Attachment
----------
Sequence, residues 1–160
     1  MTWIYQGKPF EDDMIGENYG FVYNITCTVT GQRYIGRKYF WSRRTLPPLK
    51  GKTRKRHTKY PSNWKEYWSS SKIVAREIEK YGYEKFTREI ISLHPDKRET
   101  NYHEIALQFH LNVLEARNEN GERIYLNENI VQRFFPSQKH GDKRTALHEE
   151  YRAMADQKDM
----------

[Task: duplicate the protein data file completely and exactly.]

Sequence, residues 1–160
     1  MTWIYQGKPF EDDMIGENYG FVYNITCTVT GQRYIGRKYF WSRRTLPPLK
    51  GKTRKRHTKY PSNWKEYWSS SKIVAREIEK YGYEKFTREI ISLHPDKRET
   101  NYHEIALQFH LNVLEARNEN GERIYLNENI VQRFFPSQKH GDKRTALHEE
   151  YRAMADQKDM